Unmarried couples can also buy a property together. However, couples should protect themselves in the process. In this blog post, we explain what you should bear in mind when buying property as a couple.
Marriage is not a prerequisite for buying a property. In contrast to marriage, however, cohabitation does not provide coverage for unforeseen life events such as death or separation. These risks must be covered, especially when buying property. Basically, there are three possible forms of ownership available to the couple.can choose between sole ownership, joint ownership and co-ownership. It is advisable to draw up a cohabitation agreement as a basis for all three forms of ownership.
In the case of sole ownership, the property is acquired by only one buyer. This person is entered in the land register as the sole owner and is solely liable for the mortgage debt. The second cohabiting partner has no legal interest in the property, but can agree a rental and maintenance obligation with the owner under a tenancy agreement. Sole ownership is recommended if only one partner has the financial means for the purchase. However, in the case of sole ownership, the uninvolved cohabiting partner is not covered at all for the risks of death and separation. A tenancy agreement, however, would specify his or her tenancy rights, the rent and the terms of termination.
In joint ownership, the property is purchased by both partners. This means that both parties are registered as owners in the land register without specifying who owns which parts of the property. The basis for the purchase in joint ownership is the formation of a simple partnership consisting of the two partners. Only in this way is joint ownership valid under Swiss law. The partnership is also registered in the land register. Both owners can fully dispose of the property, which at the same time means that all decisions must always be made unanimously. In the case of joint ownership, one party can therefore block all decisions. The two owners are also jointly and severally responsible for the property. Another problem is that with this form of ownership it is not possible to make advance withdrawals of pension assets.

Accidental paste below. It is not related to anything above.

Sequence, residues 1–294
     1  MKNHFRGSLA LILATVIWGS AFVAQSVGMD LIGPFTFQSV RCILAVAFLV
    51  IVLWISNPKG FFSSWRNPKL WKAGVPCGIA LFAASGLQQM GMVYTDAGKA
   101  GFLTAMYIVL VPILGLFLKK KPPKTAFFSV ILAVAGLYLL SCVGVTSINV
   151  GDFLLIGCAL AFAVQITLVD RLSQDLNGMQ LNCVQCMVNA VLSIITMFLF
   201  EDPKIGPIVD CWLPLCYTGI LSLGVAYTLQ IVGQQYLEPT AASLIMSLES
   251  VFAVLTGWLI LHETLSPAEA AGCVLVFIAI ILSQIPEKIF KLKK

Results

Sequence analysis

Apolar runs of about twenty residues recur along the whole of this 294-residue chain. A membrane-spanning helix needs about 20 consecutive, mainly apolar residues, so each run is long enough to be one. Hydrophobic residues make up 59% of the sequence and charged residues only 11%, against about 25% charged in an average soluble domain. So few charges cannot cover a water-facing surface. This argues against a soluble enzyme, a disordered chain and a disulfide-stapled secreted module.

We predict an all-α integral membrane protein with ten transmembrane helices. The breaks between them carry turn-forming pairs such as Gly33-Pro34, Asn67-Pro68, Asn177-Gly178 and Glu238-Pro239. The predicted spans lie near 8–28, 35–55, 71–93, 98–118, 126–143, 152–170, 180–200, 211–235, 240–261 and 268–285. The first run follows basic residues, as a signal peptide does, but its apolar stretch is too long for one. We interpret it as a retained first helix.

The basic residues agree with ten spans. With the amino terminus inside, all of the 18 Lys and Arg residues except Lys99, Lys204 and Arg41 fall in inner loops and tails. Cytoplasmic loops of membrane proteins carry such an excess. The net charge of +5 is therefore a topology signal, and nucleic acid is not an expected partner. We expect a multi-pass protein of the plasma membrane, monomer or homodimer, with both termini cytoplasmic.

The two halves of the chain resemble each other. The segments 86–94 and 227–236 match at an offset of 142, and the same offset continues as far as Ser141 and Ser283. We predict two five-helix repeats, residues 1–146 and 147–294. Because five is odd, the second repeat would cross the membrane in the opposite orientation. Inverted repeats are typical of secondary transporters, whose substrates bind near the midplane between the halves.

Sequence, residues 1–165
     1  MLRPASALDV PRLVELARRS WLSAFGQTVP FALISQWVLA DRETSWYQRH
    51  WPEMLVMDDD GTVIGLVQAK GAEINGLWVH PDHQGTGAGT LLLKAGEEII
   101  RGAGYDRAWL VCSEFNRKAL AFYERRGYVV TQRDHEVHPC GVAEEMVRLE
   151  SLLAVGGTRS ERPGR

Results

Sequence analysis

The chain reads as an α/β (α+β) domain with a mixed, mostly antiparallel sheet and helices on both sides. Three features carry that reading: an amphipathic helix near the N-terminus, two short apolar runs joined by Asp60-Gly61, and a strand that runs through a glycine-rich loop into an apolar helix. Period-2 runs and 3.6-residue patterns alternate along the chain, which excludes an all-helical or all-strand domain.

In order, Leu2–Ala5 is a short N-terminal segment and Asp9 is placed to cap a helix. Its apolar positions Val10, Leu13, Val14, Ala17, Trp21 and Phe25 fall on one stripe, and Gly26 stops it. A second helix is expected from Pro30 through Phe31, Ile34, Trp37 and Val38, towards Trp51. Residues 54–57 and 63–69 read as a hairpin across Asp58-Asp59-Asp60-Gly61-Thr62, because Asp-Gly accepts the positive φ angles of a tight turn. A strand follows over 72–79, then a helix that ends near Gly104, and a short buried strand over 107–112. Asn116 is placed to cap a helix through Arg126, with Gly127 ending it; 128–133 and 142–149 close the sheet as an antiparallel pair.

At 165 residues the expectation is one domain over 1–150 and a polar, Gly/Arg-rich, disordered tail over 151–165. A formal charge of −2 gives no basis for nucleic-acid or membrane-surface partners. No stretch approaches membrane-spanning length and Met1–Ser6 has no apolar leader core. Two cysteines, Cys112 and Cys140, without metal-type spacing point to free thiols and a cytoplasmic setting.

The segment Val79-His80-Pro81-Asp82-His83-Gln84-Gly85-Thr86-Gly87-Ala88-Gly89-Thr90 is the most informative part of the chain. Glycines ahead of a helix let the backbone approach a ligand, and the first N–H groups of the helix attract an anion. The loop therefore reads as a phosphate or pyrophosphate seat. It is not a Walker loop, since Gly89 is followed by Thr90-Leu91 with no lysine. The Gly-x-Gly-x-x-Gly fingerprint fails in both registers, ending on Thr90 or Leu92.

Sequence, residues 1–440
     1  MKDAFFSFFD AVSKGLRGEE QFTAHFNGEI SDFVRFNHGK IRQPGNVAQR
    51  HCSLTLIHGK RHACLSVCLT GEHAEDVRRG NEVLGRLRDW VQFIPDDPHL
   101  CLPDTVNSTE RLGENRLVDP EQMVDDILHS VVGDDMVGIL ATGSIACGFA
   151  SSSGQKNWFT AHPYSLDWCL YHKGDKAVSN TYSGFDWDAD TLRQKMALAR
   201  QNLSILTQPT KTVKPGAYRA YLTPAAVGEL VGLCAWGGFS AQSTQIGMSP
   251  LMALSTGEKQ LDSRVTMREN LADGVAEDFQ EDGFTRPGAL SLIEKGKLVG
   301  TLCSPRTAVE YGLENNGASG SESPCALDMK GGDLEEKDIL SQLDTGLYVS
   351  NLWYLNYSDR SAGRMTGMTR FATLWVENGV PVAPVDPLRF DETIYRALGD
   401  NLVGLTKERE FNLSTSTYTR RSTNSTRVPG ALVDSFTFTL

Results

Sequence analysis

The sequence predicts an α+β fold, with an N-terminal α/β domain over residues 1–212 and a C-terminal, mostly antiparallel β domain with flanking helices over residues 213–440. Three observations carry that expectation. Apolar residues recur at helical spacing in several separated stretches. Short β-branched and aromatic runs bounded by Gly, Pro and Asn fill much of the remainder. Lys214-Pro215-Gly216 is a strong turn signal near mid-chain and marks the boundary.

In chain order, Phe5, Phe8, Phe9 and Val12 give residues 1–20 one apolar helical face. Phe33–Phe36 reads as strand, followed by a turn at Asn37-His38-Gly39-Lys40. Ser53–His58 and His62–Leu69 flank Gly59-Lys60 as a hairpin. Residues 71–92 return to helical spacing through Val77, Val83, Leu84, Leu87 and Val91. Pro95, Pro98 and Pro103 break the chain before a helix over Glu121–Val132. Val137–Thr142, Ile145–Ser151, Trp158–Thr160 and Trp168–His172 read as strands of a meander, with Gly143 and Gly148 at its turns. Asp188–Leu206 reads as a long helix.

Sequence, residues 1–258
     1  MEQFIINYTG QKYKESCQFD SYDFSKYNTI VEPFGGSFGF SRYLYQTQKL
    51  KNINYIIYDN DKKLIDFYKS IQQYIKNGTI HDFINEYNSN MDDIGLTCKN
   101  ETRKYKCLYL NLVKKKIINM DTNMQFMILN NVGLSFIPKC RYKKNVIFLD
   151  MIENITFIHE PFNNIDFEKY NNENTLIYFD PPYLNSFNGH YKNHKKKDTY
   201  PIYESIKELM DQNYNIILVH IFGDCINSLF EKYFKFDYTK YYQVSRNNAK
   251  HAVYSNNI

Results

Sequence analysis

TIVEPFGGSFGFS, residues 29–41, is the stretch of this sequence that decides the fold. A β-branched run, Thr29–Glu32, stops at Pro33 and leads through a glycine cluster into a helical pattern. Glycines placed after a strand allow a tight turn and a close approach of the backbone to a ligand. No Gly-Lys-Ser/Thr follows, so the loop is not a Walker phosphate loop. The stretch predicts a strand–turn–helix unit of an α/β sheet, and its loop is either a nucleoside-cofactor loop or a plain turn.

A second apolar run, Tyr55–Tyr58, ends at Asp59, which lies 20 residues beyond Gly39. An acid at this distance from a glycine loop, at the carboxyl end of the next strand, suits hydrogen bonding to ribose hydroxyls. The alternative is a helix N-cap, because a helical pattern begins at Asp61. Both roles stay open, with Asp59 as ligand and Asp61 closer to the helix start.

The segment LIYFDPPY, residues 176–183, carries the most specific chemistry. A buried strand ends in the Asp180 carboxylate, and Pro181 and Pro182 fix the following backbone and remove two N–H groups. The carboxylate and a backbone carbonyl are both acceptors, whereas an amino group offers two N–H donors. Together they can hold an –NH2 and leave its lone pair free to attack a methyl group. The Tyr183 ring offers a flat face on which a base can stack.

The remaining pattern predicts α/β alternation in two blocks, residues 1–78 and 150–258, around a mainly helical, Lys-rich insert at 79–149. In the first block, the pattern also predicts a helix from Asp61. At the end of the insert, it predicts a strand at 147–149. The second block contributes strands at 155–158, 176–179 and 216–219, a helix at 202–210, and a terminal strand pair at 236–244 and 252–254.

The last of the three possibilities is the acquisition of a property in co-ownership. Here too, both cohabiting partners own the property. In contrast to joint ownership, however, the land register indicates individually who owns the property and in which shares. Likewise, each owner can freely dispose of his or her share. The ownership shares are entered in the land register in fractional form. In most cases, ownership is determined according to the financial resources contributed, e.g. 1/3 and 2/3 co-ownership. The obligations towards the property are normally also distributed according to these quotas, as is the case with maintenance costs. In principle, the two owners can freely dispose of their shares. However, this is difficult in the case of a sale. If one party wants to sell his or her shares, it is usually difficult to find a buyer for a co-ownership. In addition, the other co-owner has a legal right of first refusal: if one wants to, one can become the sole owner of the property before another buyer is brought on board. Here, too, both owners are jointly and severally responsible. In contrast to joint ownership, in the case of co-ownership pension funds can be withdrawn in advance for the purchase of the property. The majority of experts recommend the form of co-ownership for a property purchase in a cohabiting couple.
Additional recommendation: cohabitation agreement
Regardless of which form of ownership you prefer, it is always advisable to sign a cohabitation agreement. This creates clear conditions and rules. Such a contract can be drawn up in writing and signed by the partners. Among other things, the following points can be stipulated in it:
- Who will own the house or flat
- Which form of ownership is chosen
- Who will contribute how much of their own funds to the purchase
- How the maintenance costs will be distributed
- How decisions will be made
- What is to happen in the event of separation or death
- How to set a deadline for moving out in the event of separation, selling the property or taking over the property